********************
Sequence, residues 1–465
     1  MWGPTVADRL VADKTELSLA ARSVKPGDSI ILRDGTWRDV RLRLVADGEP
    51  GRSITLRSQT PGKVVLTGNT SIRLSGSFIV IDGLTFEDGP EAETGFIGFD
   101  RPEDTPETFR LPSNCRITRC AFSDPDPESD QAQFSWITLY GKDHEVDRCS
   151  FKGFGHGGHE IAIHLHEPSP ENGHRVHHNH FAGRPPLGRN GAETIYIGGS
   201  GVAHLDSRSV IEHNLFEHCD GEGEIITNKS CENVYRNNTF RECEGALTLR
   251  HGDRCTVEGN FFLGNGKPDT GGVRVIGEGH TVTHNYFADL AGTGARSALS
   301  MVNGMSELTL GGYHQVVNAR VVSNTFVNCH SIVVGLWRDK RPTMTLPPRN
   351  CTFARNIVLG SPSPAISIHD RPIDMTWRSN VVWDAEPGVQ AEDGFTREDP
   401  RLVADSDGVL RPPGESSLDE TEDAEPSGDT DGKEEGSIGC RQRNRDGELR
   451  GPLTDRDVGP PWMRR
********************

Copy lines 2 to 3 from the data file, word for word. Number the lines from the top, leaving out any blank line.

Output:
     1  MWGPTVADRL VADKTELSLA ARSVKPGDSI ILRDGTWRDV RLRLVADGEP
    51  GRSITLRSQT PGKVVLTGNT SIRLSGSFIV IDGLTFEDGP EAETGFIGFD